Monday, January 18, 2010

Ulrike Meinhof

Germany has never been my thing. I tried getting into krautrock in my teenage years and only got as far as Neu!*

The Deustch aesthetic encompasses a different kind of sensibility for me. I've found it challenging, ambiguous, and a little too intellectual and serious for me.

Perhaps I've heard of Ulrike Meinhof before but during this past holiday, I was formally introduced to her in Chris Kraus' first novel, I Love Dick. An epistolary novel, I Love Dick was very thrilling and fun to read. I loved how cultural theory and criticism were used to drive the plot. Now I'm reading Kraus' second novel, Aliens and Anorexia, which further delves into the life and activism of Meinhof. It's a pretty wild book.

Without realizing what it was about, I went to a rare screening of Yvonne Rainer's amazing Journeys from Berlin/1971, which also explores Meinhof and her gang. At times super abstract and dense, this film was so unwavering in its examination of personal and political identity and power. I was in over my head but learned a lot and left a little bit bewildered and light-headed which was very exciting. And the word "terrorism" was never mentioned once in the film.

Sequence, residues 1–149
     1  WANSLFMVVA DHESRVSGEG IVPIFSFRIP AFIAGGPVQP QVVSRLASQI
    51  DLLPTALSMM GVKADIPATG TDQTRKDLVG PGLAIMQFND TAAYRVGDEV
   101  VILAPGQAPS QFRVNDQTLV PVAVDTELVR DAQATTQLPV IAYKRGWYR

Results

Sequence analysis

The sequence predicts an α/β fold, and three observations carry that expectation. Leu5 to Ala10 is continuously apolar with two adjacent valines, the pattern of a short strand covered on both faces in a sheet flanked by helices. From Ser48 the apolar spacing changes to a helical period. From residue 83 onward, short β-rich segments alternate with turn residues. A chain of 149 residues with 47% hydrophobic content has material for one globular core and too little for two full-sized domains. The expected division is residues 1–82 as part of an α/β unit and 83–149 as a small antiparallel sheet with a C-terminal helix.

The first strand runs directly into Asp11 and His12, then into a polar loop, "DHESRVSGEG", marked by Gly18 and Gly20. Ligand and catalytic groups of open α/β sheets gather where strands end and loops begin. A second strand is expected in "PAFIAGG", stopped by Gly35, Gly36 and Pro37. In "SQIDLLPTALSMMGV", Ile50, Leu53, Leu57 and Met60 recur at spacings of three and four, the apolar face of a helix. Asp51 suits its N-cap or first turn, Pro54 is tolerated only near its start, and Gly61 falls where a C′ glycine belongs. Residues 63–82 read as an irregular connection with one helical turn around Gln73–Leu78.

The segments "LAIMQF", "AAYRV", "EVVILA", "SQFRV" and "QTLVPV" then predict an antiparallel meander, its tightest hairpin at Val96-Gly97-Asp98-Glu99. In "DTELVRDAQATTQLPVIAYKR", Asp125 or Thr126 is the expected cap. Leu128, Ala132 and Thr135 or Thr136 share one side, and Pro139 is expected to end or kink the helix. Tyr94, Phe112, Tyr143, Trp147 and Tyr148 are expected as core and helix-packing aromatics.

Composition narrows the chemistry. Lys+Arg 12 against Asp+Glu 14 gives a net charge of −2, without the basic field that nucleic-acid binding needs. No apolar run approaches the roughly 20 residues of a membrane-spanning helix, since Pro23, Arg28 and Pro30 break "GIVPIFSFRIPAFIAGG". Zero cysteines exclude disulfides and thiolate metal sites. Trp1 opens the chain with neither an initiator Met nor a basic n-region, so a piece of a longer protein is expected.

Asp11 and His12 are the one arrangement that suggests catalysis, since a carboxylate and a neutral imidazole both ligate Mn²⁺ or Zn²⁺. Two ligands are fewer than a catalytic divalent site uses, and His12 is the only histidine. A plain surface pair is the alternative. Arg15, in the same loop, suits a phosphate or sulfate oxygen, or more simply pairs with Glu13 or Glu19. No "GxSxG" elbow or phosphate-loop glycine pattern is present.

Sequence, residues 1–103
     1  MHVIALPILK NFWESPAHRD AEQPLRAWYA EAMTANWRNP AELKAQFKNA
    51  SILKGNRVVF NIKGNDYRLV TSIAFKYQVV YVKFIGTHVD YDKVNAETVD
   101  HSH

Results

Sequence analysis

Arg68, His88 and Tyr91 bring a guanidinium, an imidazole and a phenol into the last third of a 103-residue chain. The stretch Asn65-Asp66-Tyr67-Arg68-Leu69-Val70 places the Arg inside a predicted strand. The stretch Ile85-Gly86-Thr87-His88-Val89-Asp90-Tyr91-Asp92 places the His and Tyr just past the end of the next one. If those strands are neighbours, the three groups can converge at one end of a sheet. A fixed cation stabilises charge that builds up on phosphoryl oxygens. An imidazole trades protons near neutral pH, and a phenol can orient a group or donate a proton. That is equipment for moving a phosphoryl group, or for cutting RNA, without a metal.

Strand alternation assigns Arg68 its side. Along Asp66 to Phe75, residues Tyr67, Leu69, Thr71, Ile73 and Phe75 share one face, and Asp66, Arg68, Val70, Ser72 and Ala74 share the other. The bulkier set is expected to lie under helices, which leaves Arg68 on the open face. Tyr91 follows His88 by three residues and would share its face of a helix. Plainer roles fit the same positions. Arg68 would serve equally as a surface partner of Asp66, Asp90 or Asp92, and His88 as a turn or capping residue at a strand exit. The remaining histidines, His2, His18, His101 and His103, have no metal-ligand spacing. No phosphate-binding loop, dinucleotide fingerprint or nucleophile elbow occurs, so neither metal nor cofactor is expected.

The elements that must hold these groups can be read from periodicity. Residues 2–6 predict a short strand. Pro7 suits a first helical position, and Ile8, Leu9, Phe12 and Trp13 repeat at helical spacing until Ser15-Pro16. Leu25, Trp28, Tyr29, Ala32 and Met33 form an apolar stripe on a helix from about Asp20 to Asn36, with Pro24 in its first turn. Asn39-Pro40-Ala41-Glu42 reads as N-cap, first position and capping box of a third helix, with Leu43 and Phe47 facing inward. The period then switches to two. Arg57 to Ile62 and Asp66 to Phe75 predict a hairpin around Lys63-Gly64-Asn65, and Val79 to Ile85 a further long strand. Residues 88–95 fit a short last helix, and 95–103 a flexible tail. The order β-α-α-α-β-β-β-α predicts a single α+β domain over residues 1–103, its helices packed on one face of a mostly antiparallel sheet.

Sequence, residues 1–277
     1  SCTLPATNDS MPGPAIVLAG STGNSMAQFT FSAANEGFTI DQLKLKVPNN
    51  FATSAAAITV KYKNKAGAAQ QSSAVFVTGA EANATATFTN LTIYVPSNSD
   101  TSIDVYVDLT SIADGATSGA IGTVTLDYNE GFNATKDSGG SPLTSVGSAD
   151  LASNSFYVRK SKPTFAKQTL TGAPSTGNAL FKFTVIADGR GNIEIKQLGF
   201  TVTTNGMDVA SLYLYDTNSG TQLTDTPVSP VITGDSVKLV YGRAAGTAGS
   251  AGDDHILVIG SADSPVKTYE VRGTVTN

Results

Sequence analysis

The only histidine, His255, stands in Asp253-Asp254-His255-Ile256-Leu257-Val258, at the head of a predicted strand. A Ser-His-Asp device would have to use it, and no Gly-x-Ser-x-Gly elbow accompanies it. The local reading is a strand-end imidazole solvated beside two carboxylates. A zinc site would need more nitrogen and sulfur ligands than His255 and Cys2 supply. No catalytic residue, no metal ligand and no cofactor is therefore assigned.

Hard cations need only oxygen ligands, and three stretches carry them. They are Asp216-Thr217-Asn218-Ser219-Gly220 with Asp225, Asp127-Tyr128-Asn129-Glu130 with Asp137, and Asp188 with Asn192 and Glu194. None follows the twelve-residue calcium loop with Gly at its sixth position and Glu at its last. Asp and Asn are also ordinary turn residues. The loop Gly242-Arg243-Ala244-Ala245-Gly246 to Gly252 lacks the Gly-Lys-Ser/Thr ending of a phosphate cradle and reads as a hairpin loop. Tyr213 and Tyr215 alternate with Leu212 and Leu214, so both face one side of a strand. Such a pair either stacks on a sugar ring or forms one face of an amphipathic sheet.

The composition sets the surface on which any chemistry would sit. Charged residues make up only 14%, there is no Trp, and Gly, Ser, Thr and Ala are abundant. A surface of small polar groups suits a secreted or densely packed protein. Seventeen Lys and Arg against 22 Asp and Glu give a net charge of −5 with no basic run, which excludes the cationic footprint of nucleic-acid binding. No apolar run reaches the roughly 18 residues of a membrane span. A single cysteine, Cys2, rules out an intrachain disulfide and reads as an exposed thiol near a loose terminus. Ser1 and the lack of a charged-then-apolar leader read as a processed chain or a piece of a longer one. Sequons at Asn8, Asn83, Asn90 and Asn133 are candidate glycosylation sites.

The next day, I told my precocious filmmaker friend about it and he was like, "Oh, you don't know about the Baader-Meinhof Gang? They were really hot."

He's totally right. They were dangerously hot and sexy. I wished someone had told me of their handsome countenance years ago because I would of instantly read up on them (or in this instance, google imaged them).

Here is Andreas Baader and his equally hot girlfriend, a fellow RAF member, Gudrun Ensslin.

And here is Ulrike Meinhof. Smart and sexy.

Weirdly, Meinhof died on the same day as my birthday.



*I believe this genre was more of a British conception which was not found amusing by those making said music. I find the term a little disconcerting and derogatory for my taste. Would people be okay with "chinkrock"?